Two marshals stand at the head of the procession. One looks towards it while the other turns and seems to beckon with his (now damaged) right to the other branch of the procession on the other side of the gods.
The east frieze is comprised of eight or nine blocks (research has shown that VII and VIII formed a single block) that are considerably longer than the blocks of the other sides. The middle block V is 4.50 m. in length, whereas the corner blocks are narrow because they are in fact the narrow ends of block I of the north frieze and block XLVII of the south frieze. The surviving blocks and fragments are scattered among various museums: in the Acropolis are blocks II and VI, in the British Museum blocks I, III-V, VIII and in the Louvre block VII. In addition a number of fragments are in the British Museum and others are in the Archaeological Museum of Palermo. In contrast to the west frieze, the east frieze has a certain symmetry of composition, since it is the focal point of the processions of the other sides.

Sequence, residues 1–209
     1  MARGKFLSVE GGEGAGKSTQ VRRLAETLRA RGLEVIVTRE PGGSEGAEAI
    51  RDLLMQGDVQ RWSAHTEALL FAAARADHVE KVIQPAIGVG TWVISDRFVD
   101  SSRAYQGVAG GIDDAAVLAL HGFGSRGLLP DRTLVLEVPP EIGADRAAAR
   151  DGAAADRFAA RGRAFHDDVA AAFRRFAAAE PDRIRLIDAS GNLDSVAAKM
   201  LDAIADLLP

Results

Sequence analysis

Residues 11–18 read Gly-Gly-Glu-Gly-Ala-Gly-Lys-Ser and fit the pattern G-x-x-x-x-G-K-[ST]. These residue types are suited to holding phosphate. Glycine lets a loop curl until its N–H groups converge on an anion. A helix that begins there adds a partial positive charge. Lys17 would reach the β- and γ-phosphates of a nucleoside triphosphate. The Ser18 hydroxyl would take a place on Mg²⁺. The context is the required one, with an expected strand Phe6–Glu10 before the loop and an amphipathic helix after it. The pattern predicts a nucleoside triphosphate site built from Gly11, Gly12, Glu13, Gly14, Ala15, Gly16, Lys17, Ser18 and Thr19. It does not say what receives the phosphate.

The frieze of the Parthenon forms a continuous band with scenes in low relief that encircles the upper part of the cella, the main temple, within the outer colonnade. The theme represented was the procession toward the Acropolis that took place during the Great Panathenaia, the commemoration of the birthday of the goddess Athena.
Numbering taken from I. Jenkins, The Parthenon Frieze, 1994. Frieze slabs are marked in Roman numerals, People are marked in arabic numerals.